In addition to the ‘wretched income’ her crèches eventually earn her when marketed, Blanca also teaches students from ‘the best families’ who ‘had nothing to do and had taken up the fashion of ceramics, which was more elegant than knitting for the poor, as their grandmothers had done’ (Allende 1985: 280). Her teaching also involves children with Downs Syndrome, fulfilling but exhausting work that ‘wore them out’ (Allende 1985). ‘Blanca invariably had a migraine’ after teaching, the same symptom that years earlier her introduction to the pleasures of the potter’s wheel had cured (Allende 1985: 281). Her health continues to suffer. Blanca’s hands ‘had been ruined by household chores and clay’ (Allende 1985: 302) and ‘Whenever it rained, she put on a pair of gloves to relieve the arctic cold that had seeped into her bones from the damp clay she used’ (Allende 1985: 303). These descriptions of craft do not feed our recognition of the value of craft production or offer much in the way of empowerment. Instead we face a reminder of other far less savoury realities that place the maker’s compromised physical health and meagre financial compensation alongside the pleasure sought in creativity.
Rohinton Mistry’s A Fine Balance
Mahatma Gandhi’s use of the textile as a protest tool in the ultimately successful Indian independence movement is an often-cited example of the power of craft. Anthropologist and art historian, Susan Bean, notes that ‘From 1908 on, these two elements – the economics of cloth and the semiotics of cloth – united in Gandhi’s thought’ (1989: 359). Creating and wearing khadi became a powerful instrument of resistance as Bean explains, ‘English cloth had become the most potent symbol of English political domination and economic exploitation’ (1989: 364). Bean reminds us that Gandhi’s choice of dress to communicate his political values was of crucial importance to a nation with multiple languages and high illiteracy rates, which made visual (rather than written or spoken) communication all the more vital (Hemmings 2012: 234).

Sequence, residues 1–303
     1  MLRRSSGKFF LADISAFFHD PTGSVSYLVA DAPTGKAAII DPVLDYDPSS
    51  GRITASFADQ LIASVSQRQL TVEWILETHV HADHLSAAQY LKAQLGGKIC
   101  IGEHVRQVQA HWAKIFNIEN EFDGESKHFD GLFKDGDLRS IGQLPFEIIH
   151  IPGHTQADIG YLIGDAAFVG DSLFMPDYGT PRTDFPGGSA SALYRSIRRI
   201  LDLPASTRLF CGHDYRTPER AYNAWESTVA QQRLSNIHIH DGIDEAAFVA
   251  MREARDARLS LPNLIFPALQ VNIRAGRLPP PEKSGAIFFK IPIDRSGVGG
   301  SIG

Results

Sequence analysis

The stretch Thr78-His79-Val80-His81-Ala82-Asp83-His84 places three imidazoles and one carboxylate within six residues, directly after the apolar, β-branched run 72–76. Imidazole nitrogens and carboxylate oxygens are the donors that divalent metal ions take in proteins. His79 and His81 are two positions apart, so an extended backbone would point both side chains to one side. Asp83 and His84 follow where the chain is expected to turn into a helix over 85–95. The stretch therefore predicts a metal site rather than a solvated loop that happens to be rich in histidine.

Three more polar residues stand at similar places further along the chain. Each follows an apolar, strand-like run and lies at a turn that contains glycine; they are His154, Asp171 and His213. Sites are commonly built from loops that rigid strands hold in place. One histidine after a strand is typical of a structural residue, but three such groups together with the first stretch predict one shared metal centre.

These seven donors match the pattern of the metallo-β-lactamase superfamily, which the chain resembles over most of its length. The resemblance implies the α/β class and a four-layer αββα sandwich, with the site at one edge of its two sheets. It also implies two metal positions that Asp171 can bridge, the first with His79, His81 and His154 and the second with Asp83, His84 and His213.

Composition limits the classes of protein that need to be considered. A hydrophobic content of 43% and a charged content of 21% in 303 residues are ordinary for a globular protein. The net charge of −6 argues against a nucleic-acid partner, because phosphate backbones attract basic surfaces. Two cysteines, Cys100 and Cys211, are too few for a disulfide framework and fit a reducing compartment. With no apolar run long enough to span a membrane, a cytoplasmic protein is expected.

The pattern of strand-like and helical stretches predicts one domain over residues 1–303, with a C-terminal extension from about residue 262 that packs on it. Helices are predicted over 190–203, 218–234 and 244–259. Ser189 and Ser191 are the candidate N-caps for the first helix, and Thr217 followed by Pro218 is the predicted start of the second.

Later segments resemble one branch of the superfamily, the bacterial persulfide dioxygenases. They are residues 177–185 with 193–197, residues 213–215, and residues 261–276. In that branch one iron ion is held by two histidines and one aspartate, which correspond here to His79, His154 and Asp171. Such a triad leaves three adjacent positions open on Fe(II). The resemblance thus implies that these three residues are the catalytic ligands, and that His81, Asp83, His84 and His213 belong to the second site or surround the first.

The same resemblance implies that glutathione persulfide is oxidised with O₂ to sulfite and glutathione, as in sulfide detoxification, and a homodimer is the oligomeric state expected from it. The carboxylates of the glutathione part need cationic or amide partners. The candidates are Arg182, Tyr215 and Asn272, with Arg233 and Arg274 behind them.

But another identity for the textile appears in A Fine Balance – impotent against the mass sterilization policy implemented by Prime Minister Indira Gandhi, who declared a 21 month ‘Emergency’ across the nation between 1975 and 1977. Indian-born, Canadian author Rohinton Mistry sets the novel in unspecified urban and rural locations during 1975 and briefly concludes the novel in 1984, when Indira Gandhi is assassinated. Just as Isabell Allende does not name President Salvador Allende or General Pinochet, Mistry only refers to Indira Gandhi as ‘The Prime Minister’ (Mistry 1996: 5) while Mahatma Gandhi is referred to on a plaque marking a statue as the ‘Guardian of Democracy’ (Mistry 1996: 191). The central characters in Mistry’s novel, uncle and nephew Ishvar and Omprak, are first introduced to the reader as they travel from the countryside to seek work as tailors in the city. Ishvar and his brother Narayan had navigated ‘the unthinkable: abandoned leather for cloth’ (Mistry 1996: 133).